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  • Great News

    I just received word that I will be going on a wounded warrior and disabled Law Enforcement Officer hog hunt in the next month or so. I was also told that I will be going on a wounded warrior and disabled Law Enforcement Officer spring turkey hunt here during the West Virginia spring gobbler season in April and May. My buddy went to New York on a hunt last year and this year he wants to include me. He said the people were great to the servicemen and law enforcement officers.

  • #2
    Congrats sarge01!
    Sounds like a blast!
    Good luck & good hunting!

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    • #3
      Great news Sarge, I hope you have a really good time.

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      • #4
        I am a disabled US military veteran (20%). The wounded warrior program is a great thing. It is doubtless a complicated program to operate and I appreciate the efforts of all involved who make it work, particularly the landowners who donate hunting access. I am also a former policeman and emergency medical tech. Perhaps I could utilize this program ... but why would I? Would be better if I found some way to contribute rather than taking advantage of it and pushing aside another vet who needs it more than me.

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        • #5
          Honker - Perhaps you should think of your participation as a service to the sponsors.
          It makes them feel good.
          Same with taking a free meal on Veterans Day.

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          • #6
            Originally posted by 99explorer View Post
            Honker - Perhaps you should think of your participation as a service to the sponsors.
            It makes them feel good.
            Same with taking a free meal on Veterans Day.
            I am not crippled up (yet) and I'm extremely experienced and capable of hunting on my own. It would be rather farcical for me to take advantage of the program. If the sponsors ever found out some phoney was hunting their property just to make them feel good, well, I don't think that would go over very well. The purpose of wounded warriors is to help vets who are in a tough way, not make donors feel good about themselves.

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            • #7
              Honker - The "feel good" effect is a prime motivating factor behind all charitable movements (with the possible exception of the Clinton Foundation and the Trump Foundation).
              And when a person holds a door open for me, I accept their kindness and thank them.
              Last edited by 99explorer; 01-14-2020, 08:41 PM.

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              • #8
                Originally posted by 99explorer View Post
                Honker - The "feel good" effect is a prime motivating factor behind all charitable movements (with the possible exception of the Clinton Foundation and the Trump Foundation).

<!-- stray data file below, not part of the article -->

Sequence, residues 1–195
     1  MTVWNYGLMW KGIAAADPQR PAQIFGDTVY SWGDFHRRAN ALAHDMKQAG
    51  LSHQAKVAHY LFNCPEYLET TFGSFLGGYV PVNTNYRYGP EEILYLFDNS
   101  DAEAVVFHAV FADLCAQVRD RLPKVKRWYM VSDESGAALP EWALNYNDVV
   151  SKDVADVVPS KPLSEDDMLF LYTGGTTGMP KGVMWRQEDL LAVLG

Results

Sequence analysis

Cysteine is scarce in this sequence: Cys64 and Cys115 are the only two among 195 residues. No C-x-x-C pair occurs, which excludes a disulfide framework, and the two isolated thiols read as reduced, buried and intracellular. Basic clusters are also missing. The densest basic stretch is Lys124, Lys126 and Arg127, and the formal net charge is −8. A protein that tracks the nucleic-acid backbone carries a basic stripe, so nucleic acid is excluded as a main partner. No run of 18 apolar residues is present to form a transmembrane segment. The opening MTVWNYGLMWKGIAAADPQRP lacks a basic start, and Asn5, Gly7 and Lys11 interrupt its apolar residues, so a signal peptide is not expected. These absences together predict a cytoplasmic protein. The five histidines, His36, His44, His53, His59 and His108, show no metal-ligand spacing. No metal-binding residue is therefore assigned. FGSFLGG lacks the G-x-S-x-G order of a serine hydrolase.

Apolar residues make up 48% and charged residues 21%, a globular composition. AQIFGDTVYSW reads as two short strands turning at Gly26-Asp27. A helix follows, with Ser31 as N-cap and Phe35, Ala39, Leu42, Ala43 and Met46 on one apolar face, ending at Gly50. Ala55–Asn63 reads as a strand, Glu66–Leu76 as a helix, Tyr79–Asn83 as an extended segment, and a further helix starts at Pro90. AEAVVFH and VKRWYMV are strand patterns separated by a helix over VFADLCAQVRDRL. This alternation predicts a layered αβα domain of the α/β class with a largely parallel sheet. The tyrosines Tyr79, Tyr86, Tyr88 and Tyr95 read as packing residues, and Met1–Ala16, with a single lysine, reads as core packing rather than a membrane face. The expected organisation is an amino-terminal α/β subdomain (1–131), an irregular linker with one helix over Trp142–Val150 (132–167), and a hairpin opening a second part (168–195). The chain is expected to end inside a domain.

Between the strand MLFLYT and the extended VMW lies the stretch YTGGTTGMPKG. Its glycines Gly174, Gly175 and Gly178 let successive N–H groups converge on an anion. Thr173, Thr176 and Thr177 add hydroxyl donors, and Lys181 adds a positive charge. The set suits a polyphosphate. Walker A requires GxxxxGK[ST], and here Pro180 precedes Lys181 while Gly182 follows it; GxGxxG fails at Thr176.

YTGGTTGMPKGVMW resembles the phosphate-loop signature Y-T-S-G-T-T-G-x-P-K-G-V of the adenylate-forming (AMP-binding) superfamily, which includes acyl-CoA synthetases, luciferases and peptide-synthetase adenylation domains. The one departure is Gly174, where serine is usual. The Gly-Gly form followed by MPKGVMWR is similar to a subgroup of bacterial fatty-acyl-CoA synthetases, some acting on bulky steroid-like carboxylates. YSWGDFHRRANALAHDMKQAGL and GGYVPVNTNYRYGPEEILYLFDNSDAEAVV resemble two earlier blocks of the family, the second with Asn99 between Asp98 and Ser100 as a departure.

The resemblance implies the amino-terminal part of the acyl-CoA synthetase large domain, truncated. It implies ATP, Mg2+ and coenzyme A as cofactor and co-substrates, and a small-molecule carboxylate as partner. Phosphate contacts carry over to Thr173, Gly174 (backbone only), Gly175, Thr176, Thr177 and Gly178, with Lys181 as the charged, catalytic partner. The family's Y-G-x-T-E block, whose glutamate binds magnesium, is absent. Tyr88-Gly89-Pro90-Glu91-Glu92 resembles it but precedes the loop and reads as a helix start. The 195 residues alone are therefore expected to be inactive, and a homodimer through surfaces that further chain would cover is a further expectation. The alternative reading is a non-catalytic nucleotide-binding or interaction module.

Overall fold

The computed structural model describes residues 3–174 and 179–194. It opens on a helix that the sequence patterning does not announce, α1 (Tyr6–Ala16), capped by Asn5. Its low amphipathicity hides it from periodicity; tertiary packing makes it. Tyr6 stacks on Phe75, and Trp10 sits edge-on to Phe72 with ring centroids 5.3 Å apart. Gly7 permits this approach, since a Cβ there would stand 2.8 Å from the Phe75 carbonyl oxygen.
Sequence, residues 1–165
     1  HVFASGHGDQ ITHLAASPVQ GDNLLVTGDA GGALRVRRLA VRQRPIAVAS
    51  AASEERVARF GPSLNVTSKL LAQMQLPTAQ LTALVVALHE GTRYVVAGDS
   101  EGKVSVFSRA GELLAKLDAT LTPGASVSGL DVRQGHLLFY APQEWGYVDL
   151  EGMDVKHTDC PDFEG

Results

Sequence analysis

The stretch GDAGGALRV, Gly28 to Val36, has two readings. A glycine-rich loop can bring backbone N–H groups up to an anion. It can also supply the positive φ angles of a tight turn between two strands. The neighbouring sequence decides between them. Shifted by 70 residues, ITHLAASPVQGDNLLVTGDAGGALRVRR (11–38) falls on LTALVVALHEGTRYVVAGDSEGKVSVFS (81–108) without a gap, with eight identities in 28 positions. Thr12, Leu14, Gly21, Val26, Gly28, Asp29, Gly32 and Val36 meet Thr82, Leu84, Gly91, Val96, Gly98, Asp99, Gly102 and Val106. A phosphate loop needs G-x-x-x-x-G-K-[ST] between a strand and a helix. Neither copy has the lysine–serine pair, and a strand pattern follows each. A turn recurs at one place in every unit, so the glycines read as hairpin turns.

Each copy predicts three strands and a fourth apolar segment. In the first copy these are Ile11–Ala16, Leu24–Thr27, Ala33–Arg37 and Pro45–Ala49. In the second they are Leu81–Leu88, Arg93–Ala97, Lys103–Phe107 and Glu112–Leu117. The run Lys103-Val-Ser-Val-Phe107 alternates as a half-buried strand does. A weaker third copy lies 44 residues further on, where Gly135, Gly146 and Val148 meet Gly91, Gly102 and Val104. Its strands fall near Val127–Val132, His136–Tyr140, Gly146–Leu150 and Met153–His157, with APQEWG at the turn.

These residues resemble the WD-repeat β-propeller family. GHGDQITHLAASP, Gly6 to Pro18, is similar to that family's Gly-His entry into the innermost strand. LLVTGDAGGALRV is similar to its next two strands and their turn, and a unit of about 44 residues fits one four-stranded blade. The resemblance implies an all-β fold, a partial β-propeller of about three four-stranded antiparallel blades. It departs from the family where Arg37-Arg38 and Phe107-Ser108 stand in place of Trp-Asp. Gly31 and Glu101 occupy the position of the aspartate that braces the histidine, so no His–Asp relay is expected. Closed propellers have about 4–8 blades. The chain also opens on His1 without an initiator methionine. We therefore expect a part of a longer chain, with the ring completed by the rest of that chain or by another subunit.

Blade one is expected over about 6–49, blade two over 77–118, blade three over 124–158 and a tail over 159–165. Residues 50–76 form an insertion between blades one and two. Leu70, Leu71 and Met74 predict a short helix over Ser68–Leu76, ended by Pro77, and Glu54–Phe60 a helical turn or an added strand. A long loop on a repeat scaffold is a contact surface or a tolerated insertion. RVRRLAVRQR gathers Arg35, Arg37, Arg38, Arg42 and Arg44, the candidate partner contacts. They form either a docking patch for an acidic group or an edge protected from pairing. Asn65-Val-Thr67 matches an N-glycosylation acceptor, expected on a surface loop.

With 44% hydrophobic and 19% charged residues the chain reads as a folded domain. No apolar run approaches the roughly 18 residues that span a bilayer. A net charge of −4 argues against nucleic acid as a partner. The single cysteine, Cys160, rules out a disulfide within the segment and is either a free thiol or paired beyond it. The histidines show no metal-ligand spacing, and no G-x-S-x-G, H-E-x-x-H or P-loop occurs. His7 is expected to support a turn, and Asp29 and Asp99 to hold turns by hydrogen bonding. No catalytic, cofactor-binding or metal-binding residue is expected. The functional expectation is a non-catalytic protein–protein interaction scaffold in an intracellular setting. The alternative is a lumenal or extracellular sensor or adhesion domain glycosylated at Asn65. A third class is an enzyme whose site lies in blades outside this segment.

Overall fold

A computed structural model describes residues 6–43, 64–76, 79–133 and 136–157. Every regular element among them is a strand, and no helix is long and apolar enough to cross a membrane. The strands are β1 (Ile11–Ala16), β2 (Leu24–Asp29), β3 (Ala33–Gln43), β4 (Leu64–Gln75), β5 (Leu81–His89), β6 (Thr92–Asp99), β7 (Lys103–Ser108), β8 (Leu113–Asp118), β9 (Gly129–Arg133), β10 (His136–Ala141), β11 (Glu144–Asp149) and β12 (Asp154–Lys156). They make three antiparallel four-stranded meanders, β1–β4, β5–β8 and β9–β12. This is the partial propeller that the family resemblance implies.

And when a person holds a door open for me, I accept their kindness and thank them.
                Even if by doing so you are blocking the door for someone else in a wheelchair? I guess we were raised differently. Charity is to help those who are in need, not for the benefit of making those who donate feel good about themselves. I am not interested in helping "motivate" donations from people like that. I give a VERY substantial amount to charity, especially my church. No one but me and my tax accountant knows the dollar amount.

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                • #9
                  Good deal, Sarge! I hope you have a great experience on the hunt. Happy Trails

                  Comment


                  • #10
                    Charity is a mutually beneficial concept.
                    I feel good when I make a contribution to the Disabled American Veterans because I am thankful that I am not among them. I came through with all my arms and legs,and I take pity on those who were not so lucky.
                    I accepted free hearing aids from the VA because I know that prolonged exposure to gunfire without hearing protection must have contributed to my hearing loss. And I was not taking them away from someone more deserving.

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                    • #11
                      When I was a young lad in my early twenties, a lady up the block offered me her deceased husband's nightstick (he had been a beat cop on the NYPD).
                      I handled it, but was disappointed that it was so light in weight. I declined the offer.
                      I regret that decision to this day because it was a great opportunity to make the lady feel good at no inconvenience to myself.
                      That may be a difficult concept for some of us to grasp.
                      Last edited by 99explorer; 01-15-2020, 12:06 PM.

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